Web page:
But as I was saying, our Easter Bunny is very clever. Each year when he hops along his little bunny trail, instead of leaving a basket of sweets that mommy ends up eating, he leaves a basket of summer essentials. Specifically, the baskets my children receive are filled with the annual swimming suit and sandals, because the Bunny knows that last year’s suits have more snags than threads and one of the sandals got left by the pond and eaten by the tractor, which doesn’t matter because none of them fit anyway.
See? Smart bunny.
This year, while visiting the relatives the week before his scheduled visit, our brainy Bunny made an early deposit of goodies. Somehow while the kids were all in the kitchen and mommy went to the grocery store, he made his annual stop. The children were absolutely perplexed (as they should be) as to how the Bunny got in without anyone knowing or without anyone seeing. The dog didn’t even bark.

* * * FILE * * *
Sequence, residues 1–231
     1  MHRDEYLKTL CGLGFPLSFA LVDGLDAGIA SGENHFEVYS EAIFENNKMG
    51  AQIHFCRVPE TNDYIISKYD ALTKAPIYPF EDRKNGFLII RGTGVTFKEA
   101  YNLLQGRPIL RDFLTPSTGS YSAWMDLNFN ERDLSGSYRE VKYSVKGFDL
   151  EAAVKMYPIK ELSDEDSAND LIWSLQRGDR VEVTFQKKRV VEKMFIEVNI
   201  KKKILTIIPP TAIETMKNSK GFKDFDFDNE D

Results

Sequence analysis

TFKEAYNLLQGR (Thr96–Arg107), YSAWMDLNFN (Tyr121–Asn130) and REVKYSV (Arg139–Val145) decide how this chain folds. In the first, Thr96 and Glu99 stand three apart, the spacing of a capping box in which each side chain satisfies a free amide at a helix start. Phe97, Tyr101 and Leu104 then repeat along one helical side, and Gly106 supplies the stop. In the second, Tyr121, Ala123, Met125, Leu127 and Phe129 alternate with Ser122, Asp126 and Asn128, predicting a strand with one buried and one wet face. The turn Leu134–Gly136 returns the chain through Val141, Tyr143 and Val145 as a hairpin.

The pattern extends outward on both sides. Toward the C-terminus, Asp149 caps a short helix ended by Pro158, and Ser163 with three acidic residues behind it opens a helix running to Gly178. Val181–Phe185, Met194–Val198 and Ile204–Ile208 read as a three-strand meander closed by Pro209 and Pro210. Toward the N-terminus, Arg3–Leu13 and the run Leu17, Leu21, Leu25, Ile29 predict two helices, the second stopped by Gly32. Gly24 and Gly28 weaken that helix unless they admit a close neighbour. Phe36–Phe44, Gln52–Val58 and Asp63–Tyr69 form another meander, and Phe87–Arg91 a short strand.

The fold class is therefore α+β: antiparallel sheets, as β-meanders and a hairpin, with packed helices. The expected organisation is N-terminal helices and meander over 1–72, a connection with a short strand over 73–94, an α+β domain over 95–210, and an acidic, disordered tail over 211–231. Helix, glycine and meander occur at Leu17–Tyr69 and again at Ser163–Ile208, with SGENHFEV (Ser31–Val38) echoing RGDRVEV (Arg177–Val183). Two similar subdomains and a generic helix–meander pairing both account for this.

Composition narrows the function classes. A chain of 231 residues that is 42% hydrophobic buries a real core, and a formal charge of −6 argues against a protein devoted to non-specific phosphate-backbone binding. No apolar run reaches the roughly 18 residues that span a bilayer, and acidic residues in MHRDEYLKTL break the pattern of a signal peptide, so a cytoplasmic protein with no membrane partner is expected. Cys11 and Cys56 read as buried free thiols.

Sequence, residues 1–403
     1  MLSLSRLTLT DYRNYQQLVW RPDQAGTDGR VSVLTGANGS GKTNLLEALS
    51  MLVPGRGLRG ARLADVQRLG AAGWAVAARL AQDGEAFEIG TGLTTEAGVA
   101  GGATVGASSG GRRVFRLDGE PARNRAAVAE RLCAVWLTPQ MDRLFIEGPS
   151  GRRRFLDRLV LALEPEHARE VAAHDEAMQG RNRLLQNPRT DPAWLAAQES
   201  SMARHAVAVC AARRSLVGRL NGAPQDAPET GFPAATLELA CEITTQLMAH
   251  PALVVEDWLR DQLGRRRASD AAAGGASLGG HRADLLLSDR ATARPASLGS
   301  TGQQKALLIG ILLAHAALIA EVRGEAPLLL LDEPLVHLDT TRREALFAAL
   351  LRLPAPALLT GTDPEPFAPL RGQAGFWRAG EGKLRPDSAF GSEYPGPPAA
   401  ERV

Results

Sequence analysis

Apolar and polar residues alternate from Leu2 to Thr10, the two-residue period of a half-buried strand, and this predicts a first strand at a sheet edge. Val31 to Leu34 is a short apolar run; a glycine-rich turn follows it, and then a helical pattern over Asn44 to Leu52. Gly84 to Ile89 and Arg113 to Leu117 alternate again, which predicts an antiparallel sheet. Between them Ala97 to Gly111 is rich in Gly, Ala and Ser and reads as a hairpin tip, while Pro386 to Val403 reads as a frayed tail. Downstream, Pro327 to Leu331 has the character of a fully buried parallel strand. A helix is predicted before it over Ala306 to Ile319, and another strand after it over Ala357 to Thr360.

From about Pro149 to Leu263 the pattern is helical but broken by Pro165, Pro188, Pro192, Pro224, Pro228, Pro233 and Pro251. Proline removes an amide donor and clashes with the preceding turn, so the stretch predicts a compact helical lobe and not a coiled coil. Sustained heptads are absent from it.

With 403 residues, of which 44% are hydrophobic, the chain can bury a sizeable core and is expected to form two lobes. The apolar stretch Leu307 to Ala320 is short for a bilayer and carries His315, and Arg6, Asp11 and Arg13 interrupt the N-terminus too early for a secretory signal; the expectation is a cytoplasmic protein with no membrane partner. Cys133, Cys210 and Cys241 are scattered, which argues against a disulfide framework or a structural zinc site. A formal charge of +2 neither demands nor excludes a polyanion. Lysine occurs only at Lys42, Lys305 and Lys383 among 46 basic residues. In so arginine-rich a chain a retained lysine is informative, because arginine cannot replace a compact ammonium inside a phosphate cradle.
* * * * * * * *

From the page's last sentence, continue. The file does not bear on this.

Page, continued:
Beyond that, the Easter Bunny left a hand-written note. “Dear children, Thought you could use these a little early this year. Love, Easter Bunny.” The paper was propped up by their baskets and written on white paper with blue crayons in a scribbley sort of bunny scratch, which leads me to the point of this entire story.
Bunnies are clever, but kids are smarter.
At the age of seven and five, my children immediately took the note and with the skill of television detectives decided to analyze it.
“It doesn’t look like mom’s writing,” said one.
“And daddy’s is really messy,” said the other.
Between the two of them they decided to test the handwriting of all of the people in the house that day, going around the kitchen table with the note in one hand and demanding everyone’s signature with the other.
“Papa’s is too slanty. Nana’s is too loopy.”
Not that the handwriting mystery was solved, but it didn’t take long before they moved onto the paper itself which was equally puzzling.